The Scapegoats of Maple Street



This is a social commentary/sci-fi poem loosely based on The Twilight Zone’s “The Monsters Are Due on Maple Street.”

I’m watching from the thin space between the curtains shielding the picture window, wondering why nearly the whole neighborhood is standing out there in the middle of the street, their voices booming senseless accusations at this time of night.
The narrow street is crowded with men, women, and children surrounding the one man wearing the sweater vest—the one named Joe, who’s telling everyone to “calm down/hold on” with hands raised.  
Another man points a finger in Joe’s face, shaking his head and screaming profanities before leading the mob of suburban gangsters to a house across the street, looking for the man who’s always on his porch staring up at the sky like he’s waiting for the stars to fall.
The poor man lives across the street from us, so I watch the mob leader storming up the porch, hear him pounding on the door with the strength and fury of two policemen. But from what I can tell, his porch light’s off and his own curtains blush against the darkness surrounding the rooms I notice, so I know he’s nowhere near home.
Praise God.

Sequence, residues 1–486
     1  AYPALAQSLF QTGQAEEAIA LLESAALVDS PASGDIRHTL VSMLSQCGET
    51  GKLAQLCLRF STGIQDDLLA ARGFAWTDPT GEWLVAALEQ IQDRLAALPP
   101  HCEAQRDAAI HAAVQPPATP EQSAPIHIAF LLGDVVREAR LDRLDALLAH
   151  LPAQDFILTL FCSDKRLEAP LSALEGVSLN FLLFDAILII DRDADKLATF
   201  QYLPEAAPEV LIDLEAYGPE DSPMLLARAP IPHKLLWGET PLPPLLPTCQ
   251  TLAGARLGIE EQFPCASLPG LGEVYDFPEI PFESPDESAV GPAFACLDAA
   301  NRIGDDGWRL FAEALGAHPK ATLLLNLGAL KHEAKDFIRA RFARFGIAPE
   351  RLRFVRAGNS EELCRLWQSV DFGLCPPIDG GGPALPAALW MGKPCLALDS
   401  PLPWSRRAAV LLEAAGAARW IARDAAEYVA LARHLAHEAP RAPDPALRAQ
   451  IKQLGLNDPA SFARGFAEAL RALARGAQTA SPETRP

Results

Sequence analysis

The mob rushes from houses to cars to street lamp as lights ignite, flicker, and pass away until they stand on the street, stricken by mere confusion and trepidation. Suddenly, the angry mob leader just grabs somebody’s child and bellows something about little green men and flying saucers. My hearing caught the mob leader’s threat to beat the truth out of this child and a mother’s enraged warning to end his existence if he didn’t take his hands off her baby.
I shudder, stepping away from the curtains, from the window, sliding off the couch, onto the floor. See? I told my husband Samuel long ago that Maple Street was a dangerous situation, that we have no business living here as the only ones with skin as brown as cemetery dirt. But he said that we belong here as much as they do, Mavis. That a firm handshake and a cup of coffee will help them recognize that.
But if he were standing right beside me, witnessing these people scapegoating one another as if they’ve never even so much as waved to each other, would he extend his hand or still see them as God’s people? Or would he withdrawal and finally recognize our reality for what it is?
Speaking of which, Sam’s not home yet because of his stretched hours at the factory. I hope their spirits are slowed with fatigue and boredom by the time his cars turns into the driveway, that he comes through the door before the mob does.
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